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Posts Tagged with "University of Michigan"

The future of streaming music: an interview wit’ Vaytus owner Aniefre Essien

September 30, 2014

Vaytus, owned by Aniefre Essien and Brandon Sledge-Mellon, is a Black-owned music streaming provider. “Vaytus is a word that we made up from the words ‘elevate us.’ Music is powerful, and we believe good music elevates people,” says Aniefre about the unusual name. These brothas have a mission that is bigger than just filling their pockets. Their business pays artists fair rates for their music.

Change comes when change is demanded

January 20, 2014

Dr. King led a movement that issued a stirring call for justice. Lyndon Johnson used his remarkable skills to drive an unprecedented response to that call. The prophet and the president were both remarkable leaders. We may not look on their like again. But even so, one thing is still clear: When we build the demand for change, leaders will arise to offer the response.

Greening the hood: Is clean energy reaching poor communities?

November 27, 2013

For Adama Mosley, a resident of the West Oakland neighborhood known as Ghost Town, having solar panels installed on her home was “a dream come true.” Energy advocates say significant challenges lie ahead if affordable renewable energy and widespread adoption of energy efficiency are to become a reality in low-income communities of color.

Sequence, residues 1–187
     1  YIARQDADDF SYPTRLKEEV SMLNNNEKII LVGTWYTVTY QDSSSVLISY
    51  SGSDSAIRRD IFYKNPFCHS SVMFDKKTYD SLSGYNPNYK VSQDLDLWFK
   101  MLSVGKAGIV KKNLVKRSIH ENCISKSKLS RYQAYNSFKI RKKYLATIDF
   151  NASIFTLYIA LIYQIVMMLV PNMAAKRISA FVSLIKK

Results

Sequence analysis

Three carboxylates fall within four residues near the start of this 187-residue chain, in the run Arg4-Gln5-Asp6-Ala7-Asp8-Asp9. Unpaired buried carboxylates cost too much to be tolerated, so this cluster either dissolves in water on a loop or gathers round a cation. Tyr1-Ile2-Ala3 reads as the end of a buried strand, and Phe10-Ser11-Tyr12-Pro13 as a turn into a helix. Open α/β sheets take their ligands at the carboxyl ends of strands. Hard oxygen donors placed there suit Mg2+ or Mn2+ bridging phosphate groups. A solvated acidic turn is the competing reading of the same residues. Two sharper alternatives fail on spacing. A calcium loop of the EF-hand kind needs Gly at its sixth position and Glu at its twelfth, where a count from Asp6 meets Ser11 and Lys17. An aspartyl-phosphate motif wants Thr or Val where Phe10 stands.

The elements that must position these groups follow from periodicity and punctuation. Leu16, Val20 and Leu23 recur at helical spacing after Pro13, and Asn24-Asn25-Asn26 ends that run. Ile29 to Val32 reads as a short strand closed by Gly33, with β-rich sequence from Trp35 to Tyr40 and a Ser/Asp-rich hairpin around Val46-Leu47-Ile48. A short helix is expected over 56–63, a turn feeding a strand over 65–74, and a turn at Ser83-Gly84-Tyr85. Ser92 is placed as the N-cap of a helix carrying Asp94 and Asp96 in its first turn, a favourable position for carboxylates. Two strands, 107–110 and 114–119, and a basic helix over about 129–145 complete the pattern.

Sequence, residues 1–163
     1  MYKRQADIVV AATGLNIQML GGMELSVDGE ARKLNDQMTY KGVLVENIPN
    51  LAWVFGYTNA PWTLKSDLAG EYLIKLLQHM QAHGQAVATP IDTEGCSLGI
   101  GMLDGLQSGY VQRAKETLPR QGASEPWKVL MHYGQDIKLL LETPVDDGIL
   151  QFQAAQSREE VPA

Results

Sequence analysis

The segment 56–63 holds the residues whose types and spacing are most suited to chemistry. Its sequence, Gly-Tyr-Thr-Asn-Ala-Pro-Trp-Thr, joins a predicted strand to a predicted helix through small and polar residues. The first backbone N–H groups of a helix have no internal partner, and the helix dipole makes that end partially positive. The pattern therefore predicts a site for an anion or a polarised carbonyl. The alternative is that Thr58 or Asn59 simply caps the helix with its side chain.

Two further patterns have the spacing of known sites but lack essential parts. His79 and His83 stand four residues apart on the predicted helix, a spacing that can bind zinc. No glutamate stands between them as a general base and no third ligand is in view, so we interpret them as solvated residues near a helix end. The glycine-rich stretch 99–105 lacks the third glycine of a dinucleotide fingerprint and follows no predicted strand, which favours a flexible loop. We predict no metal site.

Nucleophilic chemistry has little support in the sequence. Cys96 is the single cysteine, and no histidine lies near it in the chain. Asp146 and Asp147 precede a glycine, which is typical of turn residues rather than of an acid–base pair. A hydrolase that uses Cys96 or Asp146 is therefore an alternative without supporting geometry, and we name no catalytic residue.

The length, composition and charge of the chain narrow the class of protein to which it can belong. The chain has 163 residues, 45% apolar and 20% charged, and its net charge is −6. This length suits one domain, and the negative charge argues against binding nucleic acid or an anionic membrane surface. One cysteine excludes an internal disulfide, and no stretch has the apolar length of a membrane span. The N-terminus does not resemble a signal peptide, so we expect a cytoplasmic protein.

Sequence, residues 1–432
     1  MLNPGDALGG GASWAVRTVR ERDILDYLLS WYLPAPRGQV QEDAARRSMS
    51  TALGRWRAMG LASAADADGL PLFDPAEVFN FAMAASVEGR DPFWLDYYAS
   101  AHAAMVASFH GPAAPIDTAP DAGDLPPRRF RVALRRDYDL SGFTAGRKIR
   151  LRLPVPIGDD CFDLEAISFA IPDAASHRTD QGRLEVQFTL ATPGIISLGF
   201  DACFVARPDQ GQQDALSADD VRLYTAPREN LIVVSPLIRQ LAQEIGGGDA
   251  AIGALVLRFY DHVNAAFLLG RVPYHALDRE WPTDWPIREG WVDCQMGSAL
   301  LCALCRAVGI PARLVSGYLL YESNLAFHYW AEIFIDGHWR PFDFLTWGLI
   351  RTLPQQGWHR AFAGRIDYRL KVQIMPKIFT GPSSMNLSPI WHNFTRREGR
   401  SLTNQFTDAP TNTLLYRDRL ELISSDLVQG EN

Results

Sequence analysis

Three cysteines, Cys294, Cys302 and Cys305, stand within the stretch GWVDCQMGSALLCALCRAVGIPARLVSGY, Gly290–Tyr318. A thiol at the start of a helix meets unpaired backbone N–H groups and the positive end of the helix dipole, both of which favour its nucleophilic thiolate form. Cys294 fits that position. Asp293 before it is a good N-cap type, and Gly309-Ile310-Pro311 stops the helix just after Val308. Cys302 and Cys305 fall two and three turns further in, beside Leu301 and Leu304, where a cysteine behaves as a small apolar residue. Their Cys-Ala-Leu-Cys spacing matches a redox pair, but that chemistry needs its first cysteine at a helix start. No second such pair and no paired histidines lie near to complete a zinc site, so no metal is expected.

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Filed Under: SF Bay Area
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Robert Chrisman and The Black Scholar

March 21, 2013

Robert Chrisman and the internationally acclaimed The Black Scholar journal (TBS) are principle beacons of achievement and hope within the movement to create Black Studies departments and ultimately Ethnic Studies and Women’s Studies departments. Chrisman and The Black Scholar occupied the vanguard of the struggle for recognition of Black Studies as a serious academic endeavor.

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Filed Under: Culture Stories
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Verdict pending: Victoire Ingabire and D.R. Congo

September 6, 2012

Imprisoned Rwandan opposition leader Victoire Ingabire and her supporters await a Kigali court’s verdict in her case this coming Friday, Sept. 7. Ingabire has been in prison for nearly two years, charged with giving financial support to a terrorist group, planning to cause state insecurity, and divisionism, a violation of Rwanda’s “genocide ideology” statute.

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Filed Under: Africa and the World
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